Hunting is more than just going out to the woods with a gun or bow in your hand, and returning home with an animal strapped to the hood of your car. Strategies are always important as hunting is not as easy as one, two, three.
A hunting call or game call is a device or tool used to mimic animal noises in order to attract or drive animals to a hunter. These hunting calls are very similar to musical instruments since they require serious practice to master. Some types of calls are mass-produced, while some can be handcrafted. Some are like flutes and oboes that work when air is blown through them. While others are electronic and require to be clicked or pushed. There are also hunters who don’t use devices at all. Instead, they whistle or click with their own mouths.
Here are some well-known hunting call devices you need to learn.
Hand calls are devices that you either put in your mouth or such air in and out of to produce a sound. The five parts of these calls include:
- Stopper – this part of the hand call is the one usually held in the hand
- Tone board – this is the part of the call that makes the noise. A reed vibrates against this to produce the sound
- Reed – This works with the tone board to produce sound, and can either be curved or flat. It can also be one or more.
- Barrel – This is the hollow tube through which you blow air
- Wedge – The wedge is in charge of holding the reed in position on the tone board.
These parts produce sound when you blow in the mouthpiece. The reed, tone board, and wedge are collectively called the insert, and it is also called the call’s guts. They produce different kinds of sounds as reeds are cut in different shapes, which can be made of bamboo, wood, or even metal. Many hand calls are double-ended, with a whistle on one end. Hand calls are typically used for waterfowl, turkey, deer or coyotes.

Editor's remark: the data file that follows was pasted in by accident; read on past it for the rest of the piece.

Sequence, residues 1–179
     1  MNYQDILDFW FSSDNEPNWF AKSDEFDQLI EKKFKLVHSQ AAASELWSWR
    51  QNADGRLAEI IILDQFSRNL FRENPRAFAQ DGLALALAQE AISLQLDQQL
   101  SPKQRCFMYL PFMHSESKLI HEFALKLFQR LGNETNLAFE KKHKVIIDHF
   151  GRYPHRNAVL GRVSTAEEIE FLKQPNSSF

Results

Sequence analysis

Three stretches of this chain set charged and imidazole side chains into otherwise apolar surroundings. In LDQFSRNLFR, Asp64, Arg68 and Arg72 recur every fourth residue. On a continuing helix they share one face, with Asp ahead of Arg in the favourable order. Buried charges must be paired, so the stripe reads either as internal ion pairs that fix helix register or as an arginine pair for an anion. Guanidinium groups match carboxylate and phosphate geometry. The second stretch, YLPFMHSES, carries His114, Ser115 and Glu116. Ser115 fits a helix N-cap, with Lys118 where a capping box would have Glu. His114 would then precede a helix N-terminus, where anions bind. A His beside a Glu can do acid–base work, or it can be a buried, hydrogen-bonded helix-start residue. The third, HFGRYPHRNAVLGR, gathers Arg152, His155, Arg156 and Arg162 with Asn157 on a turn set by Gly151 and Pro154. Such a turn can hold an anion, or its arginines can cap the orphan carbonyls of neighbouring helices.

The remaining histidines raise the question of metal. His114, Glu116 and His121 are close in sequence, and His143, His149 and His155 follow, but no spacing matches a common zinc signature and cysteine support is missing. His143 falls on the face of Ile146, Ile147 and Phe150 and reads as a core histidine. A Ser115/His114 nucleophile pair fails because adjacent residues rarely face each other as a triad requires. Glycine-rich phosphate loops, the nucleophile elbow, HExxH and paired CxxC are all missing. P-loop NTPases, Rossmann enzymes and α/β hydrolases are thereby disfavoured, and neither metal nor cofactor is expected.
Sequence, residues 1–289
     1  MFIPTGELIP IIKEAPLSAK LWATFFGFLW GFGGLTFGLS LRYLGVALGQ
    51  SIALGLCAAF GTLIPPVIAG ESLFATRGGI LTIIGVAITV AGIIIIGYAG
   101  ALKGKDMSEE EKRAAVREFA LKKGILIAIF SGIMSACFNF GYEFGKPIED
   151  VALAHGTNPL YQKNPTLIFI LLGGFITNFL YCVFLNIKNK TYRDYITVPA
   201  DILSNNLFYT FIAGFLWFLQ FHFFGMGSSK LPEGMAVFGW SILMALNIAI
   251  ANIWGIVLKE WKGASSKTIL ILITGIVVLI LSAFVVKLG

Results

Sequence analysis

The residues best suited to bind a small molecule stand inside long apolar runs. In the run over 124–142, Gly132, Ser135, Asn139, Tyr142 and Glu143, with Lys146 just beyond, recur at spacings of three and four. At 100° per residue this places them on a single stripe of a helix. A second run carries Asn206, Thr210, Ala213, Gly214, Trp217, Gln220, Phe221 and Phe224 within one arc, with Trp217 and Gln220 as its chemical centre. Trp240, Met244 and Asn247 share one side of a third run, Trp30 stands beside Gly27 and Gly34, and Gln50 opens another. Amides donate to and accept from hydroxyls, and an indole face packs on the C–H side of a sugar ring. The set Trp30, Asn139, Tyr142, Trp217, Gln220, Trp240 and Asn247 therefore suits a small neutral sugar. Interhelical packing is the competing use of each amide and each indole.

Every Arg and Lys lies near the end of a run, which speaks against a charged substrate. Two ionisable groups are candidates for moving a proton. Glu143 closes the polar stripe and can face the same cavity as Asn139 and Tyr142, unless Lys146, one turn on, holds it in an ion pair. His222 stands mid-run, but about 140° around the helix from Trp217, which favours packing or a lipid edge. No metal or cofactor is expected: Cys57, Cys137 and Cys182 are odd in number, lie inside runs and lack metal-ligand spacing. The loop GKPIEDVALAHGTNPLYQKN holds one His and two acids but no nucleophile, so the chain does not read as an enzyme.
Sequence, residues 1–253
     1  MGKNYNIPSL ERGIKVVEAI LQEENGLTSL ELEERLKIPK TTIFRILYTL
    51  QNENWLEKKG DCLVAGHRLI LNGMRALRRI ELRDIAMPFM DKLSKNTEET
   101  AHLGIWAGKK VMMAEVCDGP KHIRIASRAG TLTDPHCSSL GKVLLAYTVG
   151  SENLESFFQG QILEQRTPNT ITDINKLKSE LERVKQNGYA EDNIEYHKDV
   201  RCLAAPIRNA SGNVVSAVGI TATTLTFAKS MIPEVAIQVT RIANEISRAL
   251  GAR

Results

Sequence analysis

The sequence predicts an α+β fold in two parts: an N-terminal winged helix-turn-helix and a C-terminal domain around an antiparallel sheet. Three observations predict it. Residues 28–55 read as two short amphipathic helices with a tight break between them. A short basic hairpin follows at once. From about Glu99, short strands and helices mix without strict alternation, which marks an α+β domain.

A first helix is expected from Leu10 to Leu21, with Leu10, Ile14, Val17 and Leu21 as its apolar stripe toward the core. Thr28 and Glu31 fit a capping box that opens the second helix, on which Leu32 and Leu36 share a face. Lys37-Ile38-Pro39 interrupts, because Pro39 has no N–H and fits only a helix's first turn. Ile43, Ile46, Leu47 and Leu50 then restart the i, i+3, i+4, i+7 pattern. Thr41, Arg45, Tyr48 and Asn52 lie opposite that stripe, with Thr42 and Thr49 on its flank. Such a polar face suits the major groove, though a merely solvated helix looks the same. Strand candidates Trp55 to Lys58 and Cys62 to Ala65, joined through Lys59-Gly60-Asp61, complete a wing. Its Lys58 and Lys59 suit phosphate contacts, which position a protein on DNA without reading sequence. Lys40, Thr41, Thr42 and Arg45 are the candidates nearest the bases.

Electronic calls store different sounds and work with just a push of a button. A champion caller usually records the sounds in a professional studio. Take note, however, that several states do not allow the use of electronic calls since they are considered unfair hunting practices, so check with your local game officials as always.
Also called the hand call, diaphragm calls can be interior or exterior. An exterior diaphragm call is a thin piece of latex stretched over a plastic tube which is used by holding the latex end, while an interior diaphragm call actually goes inside your mouth, so you don’t need to use your hands at all. The interior diaphragm call fits on the roof of your mouth, with the reeds facing forward. You need to blow it deeply enough through the mouthpiece with your jaw up and down.
Both interior and exterior calls can produce different sounds and attract turkey, hens, or elk.
A box call makes sounds when the pieces are rubbed together. They are usually made of cedar or walnut wood and are rectangular in shape. Box calls are hollow boxes with slightly arched sides that serve as sounding boards. The lid is called a paddle and is attached to the top by a hinge screw to move back and forth and be attached to its handle.
The box calls can produce clucks, yelps, gobbles, and other sounds if you scrape the paddle against the sides of the box. The quality of the sound depends on the shape of the box’s sides.
Push-up calls are suitable for beginners as they work similarly, except you need to push and pull a plunger instead of scraping the paddle.